News Brief: Midterm Elections, Montana Rally, Afghan Election
STEVE INSKEEP, HOST:
Here are two basic realities about California. First, it's an overwhelmingly Democratic state which Hillary Clinton won with millions of votes to spare.
DAVID GREENE, HOST:
It is also home to a number of Republican members of Congress. They have represented the state's redder areas for many years now. And today, I am in one of several districts where Democrats are mounting challenges as they try to retake the House. Republican Dana Rohrabacher has served the 48th District for just about three decades now. Most recently, he made some news for his open embrace of Russia. The Democratic challenger here, Harley Rouda, has a real chance.
INSKEEP: And, David, I know you've been talking with voters who will be helping to make that decision here in a few weeks. What, if anything, has changed in that district?
GREENE: Well, I mean, this is a district - Orange County - that has always been pretty conservative, and it's still so in many ways. But, you know, it's been getting more moderates. And I've been speaking to people. There are wealthy people here who voted Republican in the past to try and keep their taxes low but now have turned against President Trump. There's a huge Vietnamese community here, Steve. And the younger generation in that community is, I think, more left-leaning than their parents.
But I want to introduce you to two voters in Surf City, USA - that's Huntington Beach. This is a conservative city in this district where a lot of residents want the police to cooperate with federal immigration authorities. That's very important to them. One of them is Donna Keller. She runs a ceramics business. She supports President Trump's immigration policies because she told me she worries about her safety.
DONNA KELLER: Well, I'm a woman, single - well, sort of single. So my first thing is safety. So illegal immigration is always on my mind. You don't know who's coming here. So you will never see me in LA or, you know, certain cities after dark because it's just - I don't feel safe.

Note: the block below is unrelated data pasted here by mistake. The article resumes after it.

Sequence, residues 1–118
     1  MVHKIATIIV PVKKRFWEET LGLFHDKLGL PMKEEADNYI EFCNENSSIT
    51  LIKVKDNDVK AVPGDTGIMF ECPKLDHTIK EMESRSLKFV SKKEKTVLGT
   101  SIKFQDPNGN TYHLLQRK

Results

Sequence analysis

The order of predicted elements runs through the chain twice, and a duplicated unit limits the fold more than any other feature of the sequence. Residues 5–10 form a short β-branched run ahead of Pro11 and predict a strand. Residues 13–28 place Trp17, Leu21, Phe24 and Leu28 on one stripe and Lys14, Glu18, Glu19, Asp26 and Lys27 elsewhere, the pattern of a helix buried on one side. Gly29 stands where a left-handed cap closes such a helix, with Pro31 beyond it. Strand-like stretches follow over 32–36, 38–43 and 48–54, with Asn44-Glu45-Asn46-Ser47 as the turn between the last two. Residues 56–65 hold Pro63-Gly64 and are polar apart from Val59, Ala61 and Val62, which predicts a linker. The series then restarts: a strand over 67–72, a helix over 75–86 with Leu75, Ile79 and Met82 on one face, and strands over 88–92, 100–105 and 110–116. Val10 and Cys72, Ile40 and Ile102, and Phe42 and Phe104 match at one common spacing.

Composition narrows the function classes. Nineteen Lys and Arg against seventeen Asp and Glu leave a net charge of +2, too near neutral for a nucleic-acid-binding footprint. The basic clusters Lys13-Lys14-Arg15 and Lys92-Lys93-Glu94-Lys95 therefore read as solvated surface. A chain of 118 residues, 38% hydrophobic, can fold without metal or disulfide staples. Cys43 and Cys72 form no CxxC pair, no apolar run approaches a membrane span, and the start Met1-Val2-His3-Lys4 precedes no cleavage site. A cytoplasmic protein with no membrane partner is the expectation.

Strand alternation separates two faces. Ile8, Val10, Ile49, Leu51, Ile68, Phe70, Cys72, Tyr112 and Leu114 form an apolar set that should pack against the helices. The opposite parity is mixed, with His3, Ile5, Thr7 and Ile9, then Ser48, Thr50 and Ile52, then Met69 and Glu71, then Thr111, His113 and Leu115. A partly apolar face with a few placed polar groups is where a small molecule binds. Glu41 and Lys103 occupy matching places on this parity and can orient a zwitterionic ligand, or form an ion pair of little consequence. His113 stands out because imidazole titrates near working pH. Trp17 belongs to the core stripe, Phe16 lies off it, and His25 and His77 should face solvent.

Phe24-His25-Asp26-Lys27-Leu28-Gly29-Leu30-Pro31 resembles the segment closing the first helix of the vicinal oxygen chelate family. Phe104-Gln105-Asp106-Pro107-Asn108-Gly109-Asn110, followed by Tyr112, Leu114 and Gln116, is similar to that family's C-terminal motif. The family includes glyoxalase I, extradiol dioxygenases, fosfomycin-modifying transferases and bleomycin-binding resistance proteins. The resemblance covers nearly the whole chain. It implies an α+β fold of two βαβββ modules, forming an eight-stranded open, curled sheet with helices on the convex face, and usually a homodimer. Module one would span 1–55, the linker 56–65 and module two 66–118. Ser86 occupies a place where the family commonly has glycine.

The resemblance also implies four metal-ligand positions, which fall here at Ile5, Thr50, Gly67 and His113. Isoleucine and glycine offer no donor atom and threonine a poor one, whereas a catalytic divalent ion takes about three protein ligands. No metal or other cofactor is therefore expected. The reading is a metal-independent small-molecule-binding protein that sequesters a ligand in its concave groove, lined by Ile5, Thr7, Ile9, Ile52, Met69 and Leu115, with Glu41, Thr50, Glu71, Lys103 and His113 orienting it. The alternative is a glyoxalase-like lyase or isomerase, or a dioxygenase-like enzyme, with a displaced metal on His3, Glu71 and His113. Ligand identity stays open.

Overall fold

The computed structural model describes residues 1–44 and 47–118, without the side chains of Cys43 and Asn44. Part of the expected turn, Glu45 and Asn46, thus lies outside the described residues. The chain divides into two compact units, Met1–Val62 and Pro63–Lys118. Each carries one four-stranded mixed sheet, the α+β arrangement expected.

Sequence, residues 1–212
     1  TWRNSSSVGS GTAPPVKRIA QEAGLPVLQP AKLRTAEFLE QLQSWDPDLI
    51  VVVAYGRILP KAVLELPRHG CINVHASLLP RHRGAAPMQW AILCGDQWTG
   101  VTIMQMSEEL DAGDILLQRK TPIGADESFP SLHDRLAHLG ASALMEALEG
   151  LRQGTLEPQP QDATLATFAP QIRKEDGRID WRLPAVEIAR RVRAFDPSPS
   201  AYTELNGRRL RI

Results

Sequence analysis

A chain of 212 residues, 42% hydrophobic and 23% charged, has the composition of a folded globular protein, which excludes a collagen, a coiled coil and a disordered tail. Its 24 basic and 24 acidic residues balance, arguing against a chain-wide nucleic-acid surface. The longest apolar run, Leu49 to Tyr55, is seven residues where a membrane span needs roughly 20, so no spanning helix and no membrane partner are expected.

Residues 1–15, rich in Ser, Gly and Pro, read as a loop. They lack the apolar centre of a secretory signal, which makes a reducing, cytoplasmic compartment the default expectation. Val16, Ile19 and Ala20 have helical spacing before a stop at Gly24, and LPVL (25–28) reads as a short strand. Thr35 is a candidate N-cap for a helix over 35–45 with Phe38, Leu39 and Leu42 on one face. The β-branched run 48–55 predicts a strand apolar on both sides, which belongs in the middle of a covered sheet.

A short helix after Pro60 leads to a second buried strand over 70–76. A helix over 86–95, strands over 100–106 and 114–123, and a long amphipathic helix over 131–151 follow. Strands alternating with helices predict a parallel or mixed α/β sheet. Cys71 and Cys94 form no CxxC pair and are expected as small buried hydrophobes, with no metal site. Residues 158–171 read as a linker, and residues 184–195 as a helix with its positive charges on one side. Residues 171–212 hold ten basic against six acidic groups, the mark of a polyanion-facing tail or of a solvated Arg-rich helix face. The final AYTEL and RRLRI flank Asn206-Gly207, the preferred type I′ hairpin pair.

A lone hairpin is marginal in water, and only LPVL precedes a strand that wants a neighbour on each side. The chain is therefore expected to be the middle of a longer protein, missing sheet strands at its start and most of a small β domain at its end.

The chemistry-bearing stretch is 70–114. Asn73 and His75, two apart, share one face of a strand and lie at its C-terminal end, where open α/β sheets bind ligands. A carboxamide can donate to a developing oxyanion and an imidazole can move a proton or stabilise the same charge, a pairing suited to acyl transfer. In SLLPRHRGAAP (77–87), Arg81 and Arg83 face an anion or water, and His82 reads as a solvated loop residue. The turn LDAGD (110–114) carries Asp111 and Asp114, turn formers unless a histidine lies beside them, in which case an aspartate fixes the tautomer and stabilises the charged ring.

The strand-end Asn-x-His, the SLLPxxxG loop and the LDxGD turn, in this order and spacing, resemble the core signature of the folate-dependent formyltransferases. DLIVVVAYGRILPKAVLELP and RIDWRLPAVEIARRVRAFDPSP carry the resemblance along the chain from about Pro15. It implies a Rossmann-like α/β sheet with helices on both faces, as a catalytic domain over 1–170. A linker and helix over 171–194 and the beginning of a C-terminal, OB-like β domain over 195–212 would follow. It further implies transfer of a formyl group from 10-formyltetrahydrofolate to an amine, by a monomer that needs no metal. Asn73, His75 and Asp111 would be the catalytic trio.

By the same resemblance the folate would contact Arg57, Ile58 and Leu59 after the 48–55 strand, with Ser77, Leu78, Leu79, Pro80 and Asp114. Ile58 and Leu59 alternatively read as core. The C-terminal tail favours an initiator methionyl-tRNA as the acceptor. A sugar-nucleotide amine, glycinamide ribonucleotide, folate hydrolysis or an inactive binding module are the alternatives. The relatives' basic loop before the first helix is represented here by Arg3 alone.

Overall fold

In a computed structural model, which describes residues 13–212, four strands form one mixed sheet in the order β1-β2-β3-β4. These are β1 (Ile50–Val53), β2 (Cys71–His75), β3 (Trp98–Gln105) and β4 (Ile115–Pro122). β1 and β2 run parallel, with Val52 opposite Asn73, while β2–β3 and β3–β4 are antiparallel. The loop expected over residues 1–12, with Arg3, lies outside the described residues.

INSKEEP: I guess we should underline, David, that conservative media and President Trump commonly highlight crimes linked to people who've come to the U.S. illegally, but statistically, there doesn't seem to be any evidence that people who come here illegally commit crimes at any higher rate than anybody else, right?
GREENE: Yeah. And I think it's really important to point that out. But, you know, she, regardless of that, is motivated by fear. And in a way, I think you could say the same thing about a Democrat named Shayna Lathus. She's a middle school teacher I met here. She fears for her students' well-being right now. Many of them, she said, wonder if and when their fathers might be deported. And because of that, these students are having trouble focusing in class.
SHAYNA LATHUS: I have several students who we've been trying to get their parents to come in for conferences or to discuss their child's individualized education plan that won't come because they're afraid of getting picked up. And the students have shared with me, my mom doesn't have papers, so we don't leave. They can't - they're afraid to come to school.
GREENE: And so, Steve, you know, these are the kinds of voices you hear in a competitive congressional district. And I was just taken by these two women. You know, we talk so much about division. They're going to vote for different candidates here. They're going to vote for different visions next month. But there is this shared emotion. It's fear. It's anxiety that's driving both of them. And those are emotions I think we see a lot in the country right now.
INSKEEP: Well, it's reminding me of the voters we spoke with one week ago in Kentucky in a different congressional district, David, because in those conversations, people had a lot to say. They were deeply upset, and at the same time, seemed really conscious that whatever they said was going to make one of their neighbors or many of their neighbors mad. Did you get that sense in California?